Major fraud suspected with HIV drugs
German federal police and prosecutors are investigating suspected large-scale fraud around HIV medicines, according to public broadcaster NDR. Wholesalers allegedly sold subsidized medicines meant for Africa for huge profits in Germany.
Investigators are probing several pharmaceutical wholesalers, NDR reported on Thursday, who are suspected of repackaging HIV drugs in Africa, bringing them back to Germany and reselling them at local market rates.
According to investigators, the HIV drugs were often in the form of loose pills in cartons and sacks that were destined for HIV patients in South Africa, which has one of the world's highest rates of HIV infection. After the medicines were repackaged, they were brought to Germany illegally via Belgium and Switzerland.
"Because South Africa, Switzerland and Belgium as well as other countries are involved, this case is surely going to be one of our biggest," Rüdiger Meienburg, the head prosecutor in Flensburg, told NDR.
According to NDR, one wholesaler allegedly made around €6 million in profits from the trade. In addition to Flensburg officials, prosecutors in Trier and Lübeck have launched investigations and Germany's federal police have also become involved.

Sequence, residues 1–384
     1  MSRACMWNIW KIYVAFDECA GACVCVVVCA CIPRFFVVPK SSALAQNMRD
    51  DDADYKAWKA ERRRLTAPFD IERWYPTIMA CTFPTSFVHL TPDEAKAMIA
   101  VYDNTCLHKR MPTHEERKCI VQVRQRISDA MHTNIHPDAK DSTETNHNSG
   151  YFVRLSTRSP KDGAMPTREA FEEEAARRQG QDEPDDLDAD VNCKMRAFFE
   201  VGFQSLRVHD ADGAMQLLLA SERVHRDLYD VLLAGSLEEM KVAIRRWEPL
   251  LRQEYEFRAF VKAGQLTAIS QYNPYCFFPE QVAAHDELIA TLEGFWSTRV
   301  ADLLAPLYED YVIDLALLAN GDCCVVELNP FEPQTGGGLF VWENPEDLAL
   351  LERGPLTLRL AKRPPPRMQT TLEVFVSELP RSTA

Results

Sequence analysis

This kind of fraud, according to the Flensburg office, can carry jail terms of three months to ten years.
"These medicines were from aid organizations for treatment of South Africans and the wholesalers brought them to Germany although they were not approved here," the Lower Saxony spokesman for the AOK health insurance company, Oliver Giebel, told NDR. He said health insurers likely lost tens of millions of euros due to the fraud.
Investigators do not think the effectiveness of the medicines was lowered due to their transport and repackaging, although they are looking into whether some had passed their expiration dates.
"In this case, wholesalers were not only enriching themselves through criminal means, but they were hurting the people who were supposed to receive these drugs," said pharmaceutical expert Gerd Glaeske of the University of Bremen.
"That's especially reprehensible," he added.